I remember, among many others, Anthony Montanaro and Charles Grech Orr, who were excellent editors of the two papers, and Freddie Bezzina, who kept the presses and machines running, and also Frank Attard, who was an award-winning photographer. It was clear to me that she respected her staff at a personal level, treating them more as an extended family than employees.

Her household staff at Villa Parisio in Lija (where she moved to after the war) were treated equally like another extended family and these included Connie Baldacchino (her devoted maid and companion). Connie had worked for Mabel since she was 14.

Mabel also had an endless succession of secretaries (many of them being her nieces or their children’s friends) whom she frequently introduced to handsome young naval officers passing through Malta. These introductions resulted in a number of happy marriages for which Mabel often took credit as principal matchmaker!

Recently, May Agius who had worked for Mabel as a secretary, told me of her own enduring memories, describing Mabel as being like “an active volcano!”

My aunt’s god-daughter, Heidi Bonello (now de Bono), kept the office at Villa Parisio well organised. She remembers that there was simply so much to do that she felt she needed to be an octopus to deal with all the correspondence and social diary management.

Clearly, there was never a dull moment for those working with and around Mabel.

Mabel herself never married although, to my knowledge, she had a strong affection for three different men at different stages of her life.

She was particularly proud of her Strickland heritage and, in 1975, decided to clarify her succession by choosing me as her heir. This was the first time that she had written a will since 1940 after her father died.

In January 1977, when I arrived to live in Malta, Mabel wanted to go even further and adopt me as her son, naturally with my parents’ and my full consent.

Despite this adoption petition being given the approval of the court expert, it was sadly and surprisingly blocked by a politically-motivated change in the laws and Constitution of Malta that was enacted in March 1977 and backdated retrospectively to January 1, 1977.

Mabel’s disappointment at this action found voice through her famous sense of humour when she declared that “if I can’t adopt Robert, I will marry him instead!” Unfortunately, while this comment was clearly made by Mabel in jest, it was taken seriously by the Maltese authorities and, subsequently, led to the Government banning me, in 1978, from visiting Malta. This ban lasted for the next nine years.

As a result, Mabel’s wishes to pass her entire estate to me were seriously frustrated and I was separated from my dear aunt in the most pernicious way at a very vulnerable time of her life.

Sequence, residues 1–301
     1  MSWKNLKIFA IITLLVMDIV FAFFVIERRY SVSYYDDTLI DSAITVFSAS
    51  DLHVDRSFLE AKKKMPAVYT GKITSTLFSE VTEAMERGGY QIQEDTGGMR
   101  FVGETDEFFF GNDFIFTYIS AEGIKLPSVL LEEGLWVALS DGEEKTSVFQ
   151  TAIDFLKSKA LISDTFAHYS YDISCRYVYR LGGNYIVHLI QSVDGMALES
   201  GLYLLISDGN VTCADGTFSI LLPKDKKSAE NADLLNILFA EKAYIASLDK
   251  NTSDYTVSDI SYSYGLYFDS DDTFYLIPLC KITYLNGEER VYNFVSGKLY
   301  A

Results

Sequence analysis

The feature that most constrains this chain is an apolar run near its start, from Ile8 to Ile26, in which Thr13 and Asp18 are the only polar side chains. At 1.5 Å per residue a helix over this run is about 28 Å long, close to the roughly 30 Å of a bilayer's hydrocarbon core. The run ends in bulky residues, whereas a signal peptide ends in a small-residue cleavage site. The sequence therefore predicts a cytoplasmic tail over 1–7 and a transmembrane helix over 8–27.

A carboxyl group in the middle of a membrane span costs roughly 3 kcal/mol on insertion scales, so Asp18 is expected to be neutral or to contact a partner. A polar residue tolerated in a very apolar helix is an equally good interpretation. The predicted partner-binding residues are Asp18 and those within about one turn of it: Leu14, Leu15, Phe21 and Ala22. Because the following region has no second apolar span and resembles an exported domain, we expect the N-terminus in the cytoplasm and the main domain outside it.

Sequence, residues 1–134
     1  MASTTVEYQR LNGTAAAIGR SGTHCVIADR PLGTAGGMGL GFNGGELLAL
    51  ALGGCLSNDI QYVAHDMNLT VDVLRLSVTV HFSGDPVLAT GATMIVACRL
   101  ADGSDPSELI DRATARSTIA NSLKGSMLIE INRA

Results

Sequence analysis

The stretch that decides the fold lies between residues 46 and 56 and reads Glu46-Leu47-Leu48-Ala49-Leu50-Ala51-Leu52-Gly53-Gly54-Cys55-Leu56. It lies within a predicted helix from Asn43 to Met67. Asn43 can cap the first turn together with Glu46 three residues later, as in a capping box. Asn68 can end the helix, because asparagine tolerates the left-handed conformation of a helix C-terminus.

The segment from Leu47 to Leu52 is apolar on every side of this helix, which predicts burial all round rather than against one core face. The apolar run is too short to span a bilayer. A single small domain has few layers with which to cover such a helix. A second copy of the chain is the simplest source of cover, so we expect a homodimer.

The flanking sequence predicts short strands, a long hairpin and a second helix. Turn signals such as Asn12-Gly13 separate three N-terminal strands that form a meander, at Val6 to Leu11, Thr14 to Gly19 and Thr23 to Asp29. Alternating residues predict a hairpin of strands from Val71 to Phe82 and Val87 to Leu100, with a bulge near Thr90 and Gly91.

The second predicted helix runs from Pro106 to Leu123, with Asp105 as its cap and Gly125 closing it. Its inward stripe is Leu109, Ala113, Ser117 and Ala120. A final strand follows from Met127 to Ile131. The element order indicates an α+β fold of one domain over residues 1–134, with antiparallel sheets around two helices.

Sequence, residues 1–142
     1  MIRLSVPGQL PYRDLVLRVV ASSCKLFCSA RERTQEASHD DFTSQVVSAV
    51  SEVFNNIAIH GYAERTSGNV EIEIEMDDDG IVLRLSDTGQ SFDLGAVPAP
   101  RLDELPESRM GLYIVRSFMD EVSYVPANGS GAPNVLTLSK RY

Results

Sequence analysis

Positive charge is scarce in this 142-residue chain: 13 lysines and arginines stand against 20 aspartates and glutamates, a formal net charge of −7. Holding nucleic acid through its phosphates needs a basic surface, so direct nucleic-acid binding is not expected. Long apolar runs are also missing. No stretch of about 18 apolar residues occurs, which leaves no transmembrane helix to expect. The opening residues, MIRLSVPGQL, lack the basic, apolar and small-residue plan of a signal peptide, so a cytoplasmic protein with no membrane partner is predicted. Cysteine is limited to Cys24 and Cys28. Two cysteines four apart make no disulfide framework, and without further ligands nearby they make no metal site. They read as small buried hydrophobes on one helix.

Not long after this, in 1979, on Black Monday, the political intimidation of aunt Mabel culminated with the burning of The Times head offices at Strickland House in Valletta, resulting in her becoming extremely ill. However, it was typical of her that her first words on hearing the news of the outrage was “Poor workers” – her concern, as ever, being solely for their welfare and not hers.

Driving to meetings with aunt Mabel was always a sedate affair. Her chauffeur, Tommy Zammit, would set off from Villa Parisio in the Humber and was asked to drive no faster than 30 mph, which made for a very comfortable but decidedly un-speedy journey. I was lucky to have an old Rover at my disposal from aunt Mabel, so when going out on my own account I was thankfully able to drive a little faster!

Mabel also owned the Xara Palace, which she had converted into a hotel in 1946. Xara had served as a retreat for many service personnel at weekends and authors who wintered in Malta to avoid the northern European climate. Mabel and I used to eat there regularly and, in 1976, Mabel asked me to be a director of the company.

Sadly, Xara had become rather run down by the 1970s and became even more so when I was banned from Malta. As a result, we had to lease the hotel out to third parties. Regrettably, I had to sell Xara after Mabel’s death in order to pay death duties but, happily, after an extensive refurbishment, it is once again a splendid hotel with an excellent reputation.

Finally, one of Mabel’s proudest and longest traditions was sending a basket of Maltese oranges, mandarins and avocadoes to the Queen each Christmas at Sandringham. As a personal friend of my aunt, the Queen wrote back in 1979:

“Dear Mabel, thank you very much indeed for a lovely Maltese Christmas present of oranges and mandarins – in spite of the weather and the small crop available. Your gift is always much appreciated by my greedy family but Philip and I always think back on those happy days when he was serving in Malta and I was able to travel about all over the island and see what was going on in every area while we lived there. Life changes so much these days and who knows what 1979 may bring to us all, however, we have our memories. Elizabeth R.”

To the end Mabel maintained her championship of a free and unrestricted press and her legacies to her Strickland heir and to her larger family of workers. Mabel once wrote:

“It has been my own belief for the past 50 years or more that the people of Malta and Gozo can face up to the facts and yearn to know the truth. The pursuit of knowledge and of truth has been and shall remain the aim of the newspapers which my beloved father, Lord Strickland, and I founded and developed over the years and against all odds, both local and foreign inspired.”

My personal reflections are happily shared to keep her memory alive and to honour one of Malta’s bravest women.

Mass will be said at the Cathedral in Mdina in memory of Mabel Strickland on Thursday at 9am to mark the 24th anniversary of her death.